Primal Scream is made up of three collections (the taboo-themed Fashion Icon; Asian Factual Fiction collection; and the BDSM-themed PLAY).

Most of my writing is a combination of fact and fiction. So here are three excerpts (one from each collection), with a little bit of "background information" on what inspired the content ;)

* * * * *

Excerpt(s) of Primal Scream:

A preview is available via Google Books (coming soon).

Excerpt #1 (from Wicked Lovely / Story #1 in Fashion Icon):

I want Julie completely in the nude I lie there over her frozen for a minute as I build up the courage to start removing her magnificent mind-blowing panties when suddenly, she flickers her eyelids open.

"Ed," she says softly.

God Almighty she recognizes me and this is the end of me. She’s going to scream and I’ll have to knock her out. Promptly. Soon. Now. I’m a murderer. This was doomed from the start. Anything would be better. Getting raped by a stranger, being kidnapped, anything but your own step brother

Background Info: Wicked Lovely was the first taboo-themed piece I completed. I enjoyed the stream-of-consciousness freestyle style of Ed's sections in the story (the "step"-brother). I would like to do more incest taboo-themed stories in future (novella or novel length).

I think what inspired the taboo-themed stories was reading real-life accounts online. I wasn't expecting stories of this topic to be banned by Amazon (and other retailers), but since there's a way to sidestep the issue (by writing about step relatives, instead of blood relatives -- please "use your imagination" if you enjoy stories of the original theme), I'm likely to continue exploring the ("adjusted") theme in future works.

To me, it's the matter of consent that matters more than the taboo aspect. I elaborate a bit more on this earlier Q&A I did for 4:Play (my first erotic anthology). 

My intent was never to be controversial or outrageous. I guess it was/is simply due to the fact that I don't have a brother, but if I did, it's a moot point as to whether I'd...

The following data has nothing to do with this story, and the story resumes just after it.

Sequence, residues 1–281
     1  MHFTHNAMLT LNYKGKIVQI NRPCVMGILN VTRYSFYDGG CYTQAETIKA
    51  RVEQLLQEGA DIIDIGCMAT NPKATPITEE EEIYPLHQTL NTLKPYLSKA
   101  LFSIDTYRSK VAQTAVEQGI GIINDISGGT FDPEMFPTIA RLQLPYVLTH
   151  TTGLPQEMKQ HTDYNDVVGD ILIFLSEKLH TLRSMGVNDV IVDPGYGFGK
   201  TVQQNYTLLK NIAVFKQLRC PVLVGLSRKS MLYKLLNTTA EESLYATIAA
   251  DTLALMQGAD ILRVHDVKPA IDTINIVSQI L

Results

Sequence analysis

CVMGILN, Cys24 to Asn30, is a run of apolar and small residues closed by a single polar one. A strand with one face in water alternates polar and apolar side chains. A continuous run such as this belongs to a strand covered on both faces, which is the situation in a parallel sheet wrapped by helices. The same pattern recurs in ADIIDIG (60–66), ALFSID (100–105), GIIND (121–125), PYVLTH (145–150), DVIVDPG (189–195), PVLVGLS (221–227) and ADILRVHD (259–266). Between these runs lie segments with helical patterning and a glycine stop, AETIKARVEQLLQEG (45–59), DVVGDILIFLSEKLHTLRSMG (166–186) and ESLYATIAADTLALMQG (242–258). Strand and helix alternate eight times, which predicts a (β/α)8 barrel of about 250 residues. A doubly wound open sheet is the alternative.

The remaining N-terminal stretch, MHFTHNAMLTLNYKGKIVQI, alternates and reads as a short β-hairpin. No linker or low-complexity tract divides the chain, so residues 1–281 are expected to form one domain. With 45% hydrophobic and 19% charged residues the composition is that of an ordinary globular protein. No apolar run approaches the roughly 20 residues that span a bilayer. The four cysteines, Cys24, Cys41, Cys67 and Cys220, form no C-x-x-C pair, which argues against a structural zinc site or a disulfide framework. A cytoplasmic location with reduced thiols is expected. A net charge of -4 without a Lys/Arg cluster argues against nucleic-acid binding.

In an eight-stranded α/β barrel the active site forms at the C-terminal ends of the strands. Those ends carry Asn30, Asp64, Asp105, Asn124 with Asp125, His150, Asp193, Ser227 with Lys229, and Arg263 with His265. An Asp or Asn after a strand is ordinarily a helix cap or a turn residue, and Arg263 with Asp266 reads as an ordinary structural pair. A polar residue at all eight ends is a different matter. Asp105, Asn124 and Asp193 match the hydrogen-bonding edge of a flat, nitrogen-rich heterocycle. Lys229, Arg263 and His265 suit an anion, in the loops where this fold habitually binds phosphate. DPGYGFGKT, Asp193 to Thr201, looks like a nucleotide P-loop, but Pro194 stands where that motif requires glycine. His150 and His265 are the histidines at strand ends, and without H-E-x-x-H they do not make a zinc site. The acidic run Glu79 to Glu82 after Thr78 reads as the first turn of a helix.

* * * * *

Excerpt #2 (from Jack in the Box / Story #2 in AFF / Factual Fiction):

The scene was a swirl of candy bright lights--the Victoria’s Secret fuchsia signboard, signboards which lured one to purchase “confidence,” or “sexual appeal,” or whatever it was that was being advertised--the fluorescent lights in each store, contrasting with the shiny, black-tiled walls and eye-catching speckled marble tiles on the ground.

One could lick the floor--the tiles were spotless, clean like the fake air she was breathing in, like the atoms and cells in her that were decaying in stale neglect.

"Miss…what brand of facial wash do you use?" a cool, level voice asked, breaking through the little bubble Drea was encapsulated in. She heard the words in drifts and drabs—"Miss" and "facial" were the only ones she heard clearly.

Miss Facial…

A young man had appeared, and was standing next to her, quite near to her. He had entered her personal space without even trying. Drea’s mind and spirit were so dead and desensitized, that her entire being engaged the well-groomed, pleasant, and easy-to-look-at figure before her. He was a hint of a breath of fresh air/oxygen--and she was happy to take it, even if it lasted for just a second.

Background Info: Jack in the Box is epistolary (like my debut blog novel, EyeLeash), and close to 100% real. That's all I'm going to say, so here's another short excerpt from AFF!

Excerpt #2.5 (from Catholic School Girls Rule / Story #3 in AFF / Factual Fiction):

Brett stood up, and held his hand out for Chantal to pick herself up from the ground. She stood beside him, still shy and demure, wide-eyed, feeling her bones melt, when he cornered her against the concrete side of the canal. It was heat, passion, wildness, and purity all combined in a moment, a prelude to the impending cataclysm Chantal was sure was coming.

"Tie me up, please…" Chantal said. They looked above at some vines and roots hanging down from the grassy area above the depression in the canal they were standing in. She was in his hands—he had to comply.

Background Info: I attended St. Anthony's Canossian Convent in Singapore, and my classroom *was* situated next to a canal. I did use to see some boys fishing and running around in the canal (during low tide)...I guess it was a good setting to place this story. I wanted to do something different from the usual "nymphomaniac Catholic school girl" pornographic archetype (I tried to ground it more in reality than fantasy).

* * * * *

Excerpt #3 (from Teacher's Pet / Story #3 in PLAY / BDSM Anthology):

Perlah remembered observing Walter Edwards's hand and forearm during his first lecture. He had been drawing something on the whiteboard with care and precision, the line of muscle showing when he raised his forearm. They were fluid, artistic hands, which made her wonder what he could do with them.

She studied his hands the same way he studied her pictures, in a semi-detached kind of way. He had the type of hands an artist would love to make figure studies of, the type of hands that could engage the primal scream coming from a body that wanted to be set free, that was craving for some kind of transcendence.